The new trader is usually in a rush. They want to be handed a system that will make them profitable practically overnight. A professional and consistent trader is one who is usually informed in a way that goes against the conventional.
Getting to that level of knowledge requires building enough experience with conventional information so that you can make it your own.
It takes a great deal of time and effort to gain the ability of original thinking. Think about a musician starting out with an instrument. They first learn the basics and then spend years perfecting their own unique style. Eventually that instrument becomes an extension of themselves.
Refining your trading skills requires a similar form of commitment and discipline. One thing I tell new traders is if you want to become an expert in this game, you must have a strong interest in every aspect of the game. You should be enthusiastic about learning techniques or philosophies that will offer no immediate value to your trading. You are learning because you enjoy learning about anything related to trading.
This is what eventually leads to the refined thinking skills required to navigate the markets on the short term.
There are many topics that I am very familiar with that don’t have any immediate use in my trading. One such topic is Market Profile.
Market Profile is a technical perspective that was developed by J. Peter Steidlmeyer, a trader at the Chicago Board of Trade. He created this way of looking at prices to better evaluate market value as it developed throughout the trading day. His charts resemble a bell shape that looks similar to a normal statistical distribution. He introduced the Market profile graphic in 1985.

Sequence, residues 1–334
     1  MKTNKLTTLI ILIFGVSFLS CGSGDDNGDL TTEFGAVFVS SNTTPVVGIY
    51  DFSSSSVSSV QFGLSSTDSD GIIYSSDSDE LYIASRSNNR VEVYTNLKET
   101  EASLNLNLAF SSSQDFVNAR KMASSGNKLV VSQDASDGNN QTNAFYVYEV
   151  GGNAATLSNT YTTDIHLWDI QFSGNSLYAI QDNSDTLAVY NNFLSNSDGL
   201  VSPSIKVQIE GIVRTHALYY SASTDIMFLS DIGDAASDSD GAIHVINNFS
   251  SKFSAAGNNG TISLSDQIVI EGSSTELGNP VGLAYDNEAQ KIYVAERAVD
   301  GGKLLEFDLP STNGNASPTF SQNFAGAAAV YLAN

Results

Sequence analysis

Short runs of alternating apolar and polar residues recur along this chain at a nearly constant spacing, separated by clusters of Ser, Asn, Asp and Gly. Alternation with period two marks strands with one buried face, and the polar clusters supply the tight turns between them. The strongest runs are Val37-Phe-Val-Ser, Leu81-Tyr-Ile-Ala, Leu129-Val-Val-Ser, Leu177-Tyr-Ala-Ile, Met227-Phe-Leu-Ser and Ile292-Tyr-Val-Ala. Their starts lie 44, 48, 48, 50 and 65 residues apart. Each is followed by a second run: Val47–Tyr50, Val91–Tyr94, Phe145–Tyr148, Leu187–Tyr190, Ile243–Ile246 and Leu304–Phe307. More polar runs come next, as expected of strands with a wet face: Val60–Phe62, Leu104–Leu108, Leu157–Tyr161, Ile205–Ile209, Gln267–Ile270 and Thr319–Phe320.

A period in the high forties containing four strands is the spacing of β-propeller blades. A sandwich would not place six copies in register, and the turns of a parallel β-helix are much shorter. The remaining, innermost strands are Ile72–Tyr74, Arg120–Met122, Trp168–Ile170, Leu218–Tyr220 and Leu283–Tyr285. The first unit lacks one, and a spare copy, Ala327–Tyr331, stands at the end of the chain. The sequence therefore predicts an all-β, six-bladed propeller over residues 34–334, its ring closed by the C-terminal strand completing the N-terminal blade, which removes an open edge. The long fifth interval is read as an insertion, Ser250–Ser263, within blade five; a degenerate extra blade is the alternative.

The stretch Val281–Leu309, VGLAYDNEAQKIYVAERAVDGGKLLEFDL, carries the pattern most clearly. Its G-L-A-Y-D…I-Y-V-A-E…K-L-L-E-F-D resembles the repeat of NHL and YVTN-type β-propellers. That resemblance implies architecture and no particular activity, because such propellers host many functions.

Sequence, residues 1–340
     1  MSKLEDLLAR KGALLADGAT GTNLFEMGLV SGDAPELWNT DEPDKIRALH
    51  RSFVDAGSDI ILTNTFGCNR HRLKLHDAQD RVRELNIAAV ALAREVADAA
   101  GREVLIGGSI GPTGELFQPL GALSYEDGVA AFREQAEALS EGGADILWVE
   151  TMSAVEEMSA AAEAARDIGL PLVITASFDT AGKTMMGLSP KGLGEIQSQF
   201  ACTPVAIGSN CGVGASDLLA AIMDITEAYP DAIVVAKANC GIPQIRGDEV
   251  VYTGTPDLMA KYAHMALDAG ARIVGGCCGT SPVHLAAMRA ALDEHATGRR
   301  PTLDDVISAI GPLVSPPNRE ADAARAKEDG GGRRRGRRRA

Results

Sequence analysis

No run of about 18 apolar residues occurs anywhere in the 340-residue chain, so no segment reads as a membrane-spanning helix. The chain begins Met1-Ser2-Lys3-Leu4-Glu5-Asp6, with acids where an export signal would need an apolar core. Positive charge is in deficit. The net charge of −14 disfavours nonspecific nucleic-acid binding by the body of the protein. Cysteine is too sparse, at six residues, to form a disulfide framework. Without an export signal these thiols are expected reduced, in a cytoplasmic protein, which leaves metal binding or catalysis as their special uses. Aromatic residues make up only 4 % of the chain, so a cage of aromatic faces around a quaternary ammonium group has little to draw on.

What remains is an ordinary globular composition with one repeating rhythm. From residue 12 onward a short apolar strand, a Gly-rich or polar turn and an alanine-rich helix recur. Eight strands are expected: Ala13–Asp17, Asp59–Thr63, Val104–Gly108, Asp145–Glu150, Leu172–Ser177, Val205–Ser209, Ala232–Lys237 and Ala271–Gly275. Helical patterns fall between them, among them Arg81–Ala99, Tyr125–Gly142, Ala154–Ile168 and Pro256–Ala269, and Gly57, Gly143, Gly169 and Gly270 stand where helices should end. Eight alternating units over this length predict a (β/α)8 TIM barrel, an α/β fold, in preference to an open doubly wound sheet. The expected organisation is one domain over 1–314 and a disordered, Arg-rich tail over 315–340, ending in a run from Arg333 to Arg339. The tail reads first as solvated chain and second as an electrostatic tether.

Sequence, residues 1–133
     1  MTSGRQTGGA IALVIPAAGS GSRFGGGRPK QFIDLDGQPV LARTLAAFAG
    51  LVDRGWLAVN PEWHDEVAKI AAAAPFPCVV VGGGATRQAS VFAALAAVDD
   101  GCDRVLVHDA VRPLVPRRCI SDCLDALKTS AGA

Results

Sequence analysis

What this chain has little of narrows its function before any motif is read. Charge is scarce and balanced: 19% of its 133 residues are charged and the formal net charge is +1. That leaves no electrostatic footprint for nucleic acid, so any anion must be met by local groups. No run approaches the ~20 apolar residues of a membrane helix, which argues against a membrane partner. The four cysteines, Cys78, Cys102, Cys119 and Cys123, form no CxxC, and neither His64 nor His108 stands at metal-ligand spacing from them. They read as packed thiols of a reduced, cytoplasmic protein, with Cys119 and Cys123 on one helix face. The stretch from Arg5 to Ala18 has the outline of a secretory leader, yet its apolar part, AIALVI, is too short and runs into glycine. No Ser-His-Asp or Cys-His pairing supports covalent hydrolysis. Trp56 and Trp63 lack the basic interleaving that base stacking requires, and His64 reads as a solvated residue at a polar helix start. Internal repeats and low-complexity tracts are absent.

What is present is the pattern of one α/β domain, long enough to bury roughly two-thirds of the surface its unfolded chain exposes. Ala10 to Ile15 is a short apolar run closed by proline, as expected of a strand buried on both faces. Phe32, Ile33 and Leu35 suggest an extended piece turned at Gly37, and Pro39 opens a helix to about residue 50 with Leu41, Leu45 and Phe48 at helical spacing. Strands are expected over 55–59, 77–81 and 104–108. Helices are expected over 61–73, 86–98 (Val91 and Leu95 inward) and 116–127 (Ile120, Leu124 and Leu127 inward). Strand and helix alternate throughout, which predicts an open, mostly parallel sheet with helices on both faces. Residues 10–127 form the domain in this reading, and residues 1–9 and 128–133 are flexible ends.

I read a few books on this perspective. I experimented with charting packages that were able to produce a similar profile graphic. I tried to develop trading strategies around this perspective. I have not been able to use this tool in a way that offers me any immediate benefit.
Have I wasted my time? Was all that effort for nothing? Actually the opposite is true. I may not be able to use the profile graphic in my trading, but I have gained an enormous understanding of price behavior. It is this understanding that helps me interpret price action as it unfolds, and allows me to adjust my expectations appropriately. Now that is extremely helpful.
One concept that Market Profile emphasized for me is the difference between a balanced market, and one that is imbalanced. Balance simply means an equal amount of buyers and sellers around a particular price area. That also means what? A range-bound market. I also learned that the more time price spends at a particular level, the more significant that level is. Usually you will find the “point of control” or price level where the most time was spent. This implies volume. When price moves away from this area, and happens to revisit it, this area becomes a very important potential turning point. So I can adjust my expectations appropriately and better anticipate the market.
So do I use Market Profile? No, but I utilize concepts that I would not have known about if I didn’t spend time reading the books and experimenting with it in real time.
So the lesson here is this: Trading is a continuous learning experience. You will never know everything there is to know. This constant pursuit of knowledge is what being “passionate about the markets” is all about. So the next time you come across a magazine article, book or blog post related to trading, read it and add that one new piece of information to your foundation. Eventually all these pieces of information come together to help you form a much more accurate perspective of the market.
Marc Principato, CMT
Follow me on StockTwits Here.